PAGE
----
The NCAA Division I Council announced Wednesday that men’s and women’s basketball would start Nov. 25, keeping the hopes of March Madness alive and showing the disparity between the lower divisions.
Division II officials aren’t expected to make an announcement until early October and will likely keep the January 2021 start date in mind.
Division I conferences benefit from the $19.6 billion TV contract from CBS and TNT, which broadcast the NCAA tournament. That money allows schools to afford COVID-19 tests, contact tracing and a lot of influence from Division I administrators.
The West Region schools in Division II have had their seasons suspended until January by their conferences, the Pacific West, California Collegiate Athletic Association and Great Northwest Athletic Conference.
“With the Hawaii and California schools, the health and safety of the student-athletes is our No. 1 concern,” UHH athletic director Pat Guillen said. “Pushing back our championship dates by two or three weeks may help us have a longer season. We can’t do anything until January. We’re shooting for a starting date in January and will go from there.”
Guillen pointed out there is a double-edged sword benefit to the delay. UHH’s budget is mostly targeted toward travel. With no travel until January, the school can squirrel away money.
He also said he doesn’t anticipate eliminating any programs, unlike UH-Manoa, which terminated beach volleyball coach Jeff Hall and combined the beach and indoor programs.
“Financially, we’re OK. We know we’re going to take a hit,” Guillen said. “But we don’t know what that cut will be. Not traveling has been a blessing in disguise. We’re constantly replanning things every day. Everyone is in the same boat. It’s not just us.”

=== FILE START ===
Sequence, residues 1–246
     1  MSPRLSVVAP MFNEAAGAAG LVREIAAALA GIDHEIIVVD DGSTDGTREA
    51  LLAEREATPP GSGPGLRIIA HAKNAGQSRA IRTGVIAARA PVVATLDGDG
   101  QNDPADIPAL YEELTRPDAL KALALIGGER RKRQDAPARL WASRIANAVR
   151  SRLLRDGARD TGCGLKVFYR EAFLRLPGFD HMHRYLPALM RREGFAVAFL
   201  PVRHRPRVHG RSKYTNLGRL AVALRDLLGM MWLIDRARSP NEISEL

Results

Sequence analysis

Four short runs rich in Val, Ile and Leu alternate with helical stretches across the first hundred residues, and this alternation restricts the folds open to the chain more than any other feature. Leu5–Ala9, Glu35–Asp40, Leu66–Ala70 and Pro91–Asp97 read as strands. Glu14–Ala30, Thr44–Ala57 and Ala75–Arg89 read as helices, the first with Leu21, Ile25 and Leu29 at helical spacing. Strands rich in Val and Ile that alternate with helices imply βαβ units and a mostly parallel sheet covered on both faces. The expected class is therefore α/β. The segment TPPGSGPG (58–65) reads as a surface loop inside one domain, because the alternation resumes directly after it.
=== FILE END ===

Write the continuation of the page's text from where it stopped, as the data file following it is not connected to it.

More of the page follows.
He said every time he goes out in public someone is asking when UHH sports will start.
“People in the community ask me when we’re going to play again,” he said. “There are some people who never miss a game, volleyball, basketball. The lady who cuts my hair said she can’t stand not going to games. I want to get playing as soon as possible.”
There are social distancing plans in place should the Vulcans host games. But things could always change.
“We made plans back in September,” he said. “A lot of things could be different in January. The best-case scenario is there’s a vaccine and everybody gets treated and comes out to watch volleyball and basketball. We’ll see.”
BIIF sports on hold
The Hawaii High School Athletic Association’s “no contact period” between coaches and student-athletes ended Sunday. But the BIIF schools are still waiting for the Department of Education, which extended virtual learning until Oct. 2.
“We’re still waiting for the state to update us on the schedule. That’s a big if to start school for the DOE,” Hawaii Prep athletic director Stephen Perry said. “We’re still talking about starting in January and try to fit in all the fall sports. Girls volleyball could run with boys volleyball in the spring. It’s all contingent when the DOE opens up the schools. Hopefully, it’ll be soon.”
Perry said the next BIIF athletic directors meeting is next week.